Because DTCC interfaces with many financial players, Cohen said he has helped to explain, with no partisan slant, the potential outcome of the U.S. not being able to meet its debt obligations. Along with officials from Standard & Poor's and JPMorgan Chase, Cohen said, he participated in a 90-minute briefing for some 55 House Members last week that was organized by Rep. Nan Hayworth (R-N.Y.).
"We're really the back room of how Wall Street works," Cohen said, "at the intersection of the stocks and bonds, banks, trading companies and their customers."
The meeting was off the record, so Cohen declined to discuss specifics. But he did say a lot of freshman lawmakers attended and asked "good, real serious questions."
Most financial services lobbyists, though, say they're steering clear of the debt debate with the exception of trying to gather intelligence to pass along to their clients. Like other big-business advocates, Wall Street's experts on K Street are reluctant to push for any specific proposals for how Members and the White House should solve the debt limit matter.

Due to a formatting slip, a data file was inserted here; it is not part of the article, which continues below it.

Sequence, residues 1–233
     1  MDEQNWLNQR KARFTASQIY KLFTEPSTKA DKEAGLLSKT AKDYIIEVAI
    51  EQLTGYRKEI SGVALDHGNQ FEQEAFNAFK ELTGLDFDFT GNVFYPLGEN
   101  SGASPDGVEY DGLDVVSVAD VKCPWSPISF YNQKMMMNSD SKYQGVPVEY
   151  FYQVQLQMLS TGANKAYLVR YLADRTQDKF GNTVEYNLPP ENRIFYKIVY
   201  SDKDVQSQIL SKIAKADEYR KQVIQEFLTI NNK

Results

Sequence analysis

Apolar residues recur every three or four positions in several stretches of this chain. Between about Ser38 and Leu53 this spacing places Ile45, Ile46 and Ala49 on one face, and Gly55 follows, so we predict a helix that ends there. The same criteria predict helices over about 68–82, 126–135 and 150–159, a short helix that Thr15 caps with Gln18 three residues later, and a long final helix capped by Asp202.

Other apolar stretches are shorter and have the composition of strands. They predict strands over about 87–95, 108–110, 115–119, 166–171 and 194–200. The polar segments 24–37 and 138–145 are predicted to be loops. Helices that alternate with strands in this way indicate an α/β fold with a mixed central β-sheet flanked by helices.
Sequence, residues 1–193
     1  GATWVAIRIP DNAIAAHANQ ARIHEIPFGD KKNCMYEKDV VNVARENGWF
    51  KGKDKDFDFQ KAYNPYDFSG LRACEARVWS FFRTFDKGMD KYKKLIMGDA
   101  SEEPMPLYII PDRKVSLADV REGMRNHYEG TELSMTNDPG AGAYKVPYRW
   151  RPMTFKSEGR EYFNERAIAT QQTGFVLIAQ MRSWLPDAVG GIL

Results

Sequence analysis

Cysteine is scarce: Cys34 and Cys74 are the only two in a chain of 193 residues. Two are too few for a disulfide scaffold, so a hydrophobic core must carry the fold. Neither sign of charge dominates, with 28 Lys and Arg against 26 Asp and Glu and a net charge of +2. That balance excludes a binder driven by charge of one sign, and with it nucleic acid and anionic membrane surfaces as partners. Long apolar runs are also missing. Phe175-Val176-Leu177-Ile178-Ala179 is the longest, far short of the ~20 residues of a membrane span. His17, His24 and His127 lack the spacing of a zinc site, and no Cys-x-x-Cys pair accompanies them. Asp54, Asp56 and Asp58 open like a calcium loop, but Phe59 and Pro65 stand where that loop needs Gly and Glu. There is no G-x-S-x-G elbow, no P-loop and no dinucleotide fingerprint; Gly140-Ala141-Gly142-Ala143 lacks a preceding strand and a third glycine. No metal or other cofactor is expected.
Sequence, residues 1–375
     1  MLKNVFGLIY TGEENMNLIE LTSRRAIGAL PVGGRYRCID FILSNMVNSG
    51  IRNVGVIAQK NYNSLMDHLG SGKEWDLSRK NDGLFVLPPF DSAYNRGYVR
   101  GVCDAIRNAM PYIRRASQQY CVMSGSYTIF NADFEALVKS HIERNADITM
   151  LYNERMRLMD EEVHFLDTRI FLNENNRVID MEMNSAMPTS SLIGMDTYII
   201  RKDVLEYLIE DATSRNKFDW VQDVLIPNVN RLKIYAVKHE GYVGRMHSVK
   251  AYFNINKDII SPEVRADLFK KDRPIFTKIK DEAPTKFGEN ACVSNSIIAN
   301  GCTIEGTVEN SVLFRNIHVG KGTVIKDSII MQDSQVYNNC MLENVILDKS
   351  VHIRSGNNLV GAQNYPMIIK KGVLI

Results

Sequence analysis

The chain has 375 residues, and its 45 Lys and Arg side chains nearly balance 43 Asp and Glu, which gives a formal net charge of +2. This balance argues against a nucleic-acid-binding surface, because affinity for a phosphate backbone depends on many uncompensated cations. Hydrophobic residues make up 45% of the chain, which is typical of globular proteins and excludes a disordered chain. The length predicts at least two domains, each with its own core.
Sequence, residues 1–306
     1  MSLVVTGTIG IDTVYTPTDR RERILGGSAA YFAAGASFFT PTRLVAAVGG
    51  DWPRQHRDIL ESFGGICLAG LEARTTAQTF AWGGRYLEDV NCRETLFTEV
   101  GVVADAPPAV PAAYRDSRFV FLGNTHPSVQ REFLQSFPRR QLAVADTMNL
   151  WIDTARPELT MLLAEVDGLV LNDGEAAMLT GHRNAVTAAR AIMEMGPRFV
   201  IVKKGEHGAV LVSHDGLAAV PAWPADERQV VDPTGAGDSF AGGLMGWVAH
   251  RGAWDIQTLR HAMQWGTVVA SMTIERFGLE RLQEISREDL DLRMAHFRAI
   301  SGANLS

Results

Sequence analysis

"We're not the most beloved right now," one industry executive said. "If we go in and say, 'We need revenue raisers,' they'll say, 'Good, write us a check.'"
A GOP financial services lobbyist agreed, "You'd get a target on your back."
The debt ceiling crisis might be something of a distraction from the financial sector's real top priority of Dodd-Frank, but keeping in touch with the Hill on its own No. 1 issue can be part of crafting and maintaining good Congressional relations.
"You can't just come to town with your hand out," said Cohen, who previously lobbied for the American Israel Public Affairs Committee and worked on the Hill for former Rep. Joseph McDade (R-Pa.). "I know, having worked on the Hill, if you can be helpful, that's important."